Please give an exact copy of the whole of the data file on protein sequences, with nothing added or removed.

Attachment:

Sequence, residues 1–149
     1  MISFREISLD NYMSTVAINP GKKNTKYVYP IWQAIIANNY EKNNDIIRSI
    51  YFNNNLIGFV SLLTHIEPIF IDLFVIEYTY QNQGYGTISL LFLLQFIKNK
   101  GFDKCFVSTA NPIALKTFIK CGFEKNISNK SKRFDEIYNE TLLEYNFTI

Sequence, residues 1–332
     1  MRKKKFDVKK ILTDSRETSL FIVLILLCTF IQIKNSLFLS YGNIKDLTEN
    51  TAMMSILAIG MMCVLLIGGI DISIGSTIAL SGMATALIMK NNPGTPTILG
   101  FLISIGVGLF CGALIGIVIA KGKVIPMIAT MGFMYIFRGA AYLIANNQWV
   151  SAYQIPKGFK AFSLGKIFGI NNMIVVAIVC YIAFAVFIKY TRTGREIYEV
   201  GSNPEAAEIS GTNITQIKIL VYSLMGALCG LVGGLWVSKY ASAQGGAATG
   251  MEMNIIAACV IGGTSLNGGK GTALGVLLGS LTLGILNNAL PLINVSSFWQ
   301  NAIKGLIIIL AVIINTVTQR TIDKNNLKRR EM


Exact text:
Sequence, residues 1–149
     1  MISFREISLD NYMSTVAINP GKKNTKYVYP IWQAIIANNY EKNNDIIRSI
    51  YFNNNLIGFV SLLTHIEPIF IDLFVIEYTY QNQGYGTISL LFLLQFIKNK
   101  GFDKCFVSTA NPIALKTFIK CGFEKNISNK SKRFDEIYNE TLLEYNFTI

Sequence, residues 1–332
     1  MRKKKFDVKK ILTDSRETSL FIVLILLCTF IQIKNSLFLS YGNIKDLTEN
    51  TAMMSILAIG MMCVLLIGGI DISIGSTIAL SGMATALIMK NNPGTPTILG
   101  FLISIGVGLF CGALIGIVIA KGKVIPMIAT MGFMYIFRGA AYLIANNQWV
   151  SAYQIPKGFK AFSLGKIFGI NNMIVVAIVC YIAFAVFIKY TRTGREIYEV
   201  GSNPEAAEIS GTNITQIKIL VYSLMGALCG LVGGLWVSKY ASAQGGAATG
   251  MEMNIIAACV IGGTSLNGGK GTALGVLLGS LTLGILNNAL PLINVSSFWQ
   301  NAIKGLIIIL AVIINTVTQR TIDKNNLKRR EM